A Brief History of iOS: The Evolution of MDM and Enterprise Mobility
As organizations have gradually embraced mobile technology over the years to boost productivity, the task of protecting enterprise networks has become increasingly difficult for IT and security professionals. Each device represents a potentially vulnerable endpoint, and cybercriminals have mastered the art of exploiting these weaknesses to infiltrate corporate networks.
Fortunately, each iteration of Apple’s iOS has made security teams’ jobs easier by introducing new features that can be applied to mobile device management (MDM).
Below is a brief history to show how each release marked another crucial step in the evolution of enterprise mobility.
Apple and the Dawn of Mobile Device Management
In 2010, Apple released iOS 4, which opened the door to the enterprise with MDM capabilities. IT and security leaders gained the ability to enroll iOS devices over the air (OTA) to perform basic MDM functions. These functions included locate, lock and wipe. As an added benefit, iOS 4 also introduced mobile application management (MAM) capabilities, enabling security teams to push apps down to devices and set compliance rules.
The following year, iOS 5 introduced Siri, iCloud and OTA operating system (OS) updates, which could also be managed by an MDM solution. By this point, enrolled devices were subject to more customization from an IT security standpoint, such as disabling Siri and determining what could be synced and backed up to iCloud.
Enterprise Containment and the BYOD Model
The release of iOS 6 in 2012 brought a new facet to MDM capabilities by providing application programming interfaces (APIs) to private developers. At that time, MDM solutions aimed to capitalize on a then-rising enterprise need: containment.
By this point, iOS devices had gained popularity for personal use, and businesses were just catching on to their versatility. The APIs released in this version allowed IT teams to containerize and separate their enterprise information within the user’s device, which brought about the bring-your-own-device (BYOD) model. During this time, organizations frequently used a corporate-owned device model as their standard practice for mobile productivity.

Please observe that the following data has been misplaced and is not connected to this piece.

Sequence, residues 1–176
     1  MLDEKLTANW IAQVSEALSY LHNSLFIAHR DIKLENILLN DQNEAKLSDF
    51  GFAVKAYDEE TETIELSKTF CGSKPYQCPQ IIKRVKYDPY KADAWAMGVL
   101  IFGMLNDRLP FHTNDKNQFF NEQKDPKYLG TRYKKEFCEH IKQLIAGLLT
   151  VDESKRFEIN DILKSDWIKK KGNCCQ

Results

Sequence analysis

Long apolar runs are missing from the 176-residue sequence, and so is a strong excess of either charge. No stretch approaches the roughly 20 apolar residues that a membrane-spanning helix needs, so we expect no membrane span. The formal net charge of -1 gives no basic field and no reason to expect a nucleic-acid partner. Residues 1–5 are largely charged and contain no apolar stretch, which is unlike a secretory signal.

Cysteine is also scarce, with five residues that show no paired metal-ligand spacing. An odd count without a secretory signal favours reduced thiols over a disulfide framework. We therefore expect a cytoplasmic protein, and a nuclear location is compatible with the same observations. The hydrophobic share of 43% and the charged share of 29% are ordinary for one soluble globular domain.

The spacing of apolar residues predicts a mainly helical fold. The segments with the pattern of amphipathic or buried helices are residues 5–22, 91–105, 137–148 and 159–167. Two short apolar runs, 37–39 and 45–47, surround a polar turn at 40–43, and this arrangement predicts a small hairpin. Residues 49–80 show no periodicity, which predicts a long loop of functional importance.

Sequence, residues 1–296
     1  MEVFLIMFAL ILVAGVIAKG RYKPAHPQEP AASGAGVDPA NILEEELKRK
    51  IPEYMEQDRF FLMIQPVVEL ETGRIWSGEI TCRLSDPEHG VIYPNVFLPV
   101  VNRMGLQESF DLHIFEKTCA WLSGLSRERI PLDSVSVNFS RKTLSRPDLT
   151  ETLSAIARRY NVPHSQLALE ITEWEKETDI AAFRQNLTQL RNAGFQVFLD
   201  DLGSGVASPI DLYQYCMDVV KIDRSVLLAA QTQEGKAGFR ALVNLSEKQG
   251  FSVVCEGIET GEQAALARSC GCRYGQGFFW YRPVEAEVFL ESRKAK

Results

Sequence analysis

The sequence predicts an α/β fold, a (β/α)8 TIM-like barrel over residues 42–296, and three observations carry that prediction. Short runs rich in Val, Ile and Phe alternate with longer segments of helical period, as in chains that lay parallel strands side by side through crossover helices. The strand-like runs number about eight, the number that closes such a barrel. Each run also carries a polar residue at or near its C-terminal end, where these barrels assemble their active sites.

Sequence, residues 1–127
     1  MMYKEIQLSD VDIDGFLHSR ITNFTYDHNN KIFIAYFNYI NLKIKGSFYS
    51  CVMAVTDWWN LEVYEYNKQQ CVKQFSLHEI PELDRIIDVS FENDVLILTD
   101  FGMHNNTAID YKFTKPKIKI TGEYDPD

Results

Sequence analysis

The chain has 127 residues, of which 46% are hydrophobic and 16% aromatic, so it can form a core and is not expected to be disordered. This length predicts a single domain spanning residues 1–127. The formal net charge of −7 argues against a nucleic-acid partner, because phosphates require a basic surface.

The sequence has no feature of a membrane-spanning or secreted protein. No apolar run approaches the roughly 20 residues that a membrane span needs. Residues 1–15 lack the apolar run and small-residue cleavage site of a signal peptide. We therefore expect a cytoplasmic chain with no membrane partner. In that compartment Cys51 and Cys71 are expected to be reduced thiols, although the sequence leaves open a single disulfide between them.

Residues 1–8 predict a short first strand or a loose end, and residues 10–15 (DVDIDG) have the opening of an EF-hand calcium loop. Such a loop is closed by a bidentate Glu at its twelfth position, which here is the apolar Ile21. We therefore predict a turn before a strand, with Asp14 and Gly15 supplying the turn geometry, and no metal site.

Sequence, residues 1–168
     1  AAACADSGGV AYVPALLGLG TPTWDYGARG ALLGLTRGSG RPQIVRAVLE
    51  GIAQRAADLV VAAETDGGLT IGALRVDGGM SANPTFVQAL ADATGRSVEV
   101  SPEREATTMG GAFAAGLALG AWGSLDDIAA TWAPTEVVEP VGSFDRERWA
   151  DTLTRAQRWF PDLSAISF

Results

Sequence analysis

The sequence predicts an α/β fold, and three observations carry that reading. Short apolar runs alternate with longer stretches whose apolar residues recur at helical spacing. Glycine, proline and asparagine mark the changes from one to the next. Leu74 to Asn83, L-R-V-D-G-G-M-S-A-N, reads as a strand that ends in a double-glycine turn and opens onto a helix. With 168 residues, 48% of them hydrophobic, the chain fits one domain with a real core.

However, the option of containing enterprise data on a user’s personal device — as opposed to purchasing, setting up and deploying a new device — proved to be the more cost-effective business model.
Aside from the BYOD aspect, iOS 6 introduced a supervised mode, making it easier for IT teams to manage corporate-owned devices. Supervised mode gave IT full administrative rights to the device and set restrictions to prevent the user from falling out of compliance.
New Look, New Management Capabilities
In 2013, iOS 7 packed a punch with a completely new OS redesign, upgraded security features and better management capabilities. One of the most noticeable and innovative features of iOS 7 was TouchID. This new security measure was the first of its kind within the Apple product line to use biometric data instead of a passcode for device access. It also provided APIs to enable or disable MDM solutions, allowing IT teams to use TouchID for access to the enterprise container, as well as the device itself.
With iOS 7, Apple included another feature that has saved many an administrator from endless headaches: disabling Activation Lock. The idea behind this feature was that if a device were lost or stolen, it could not be wiped without entering the associated Apple ID.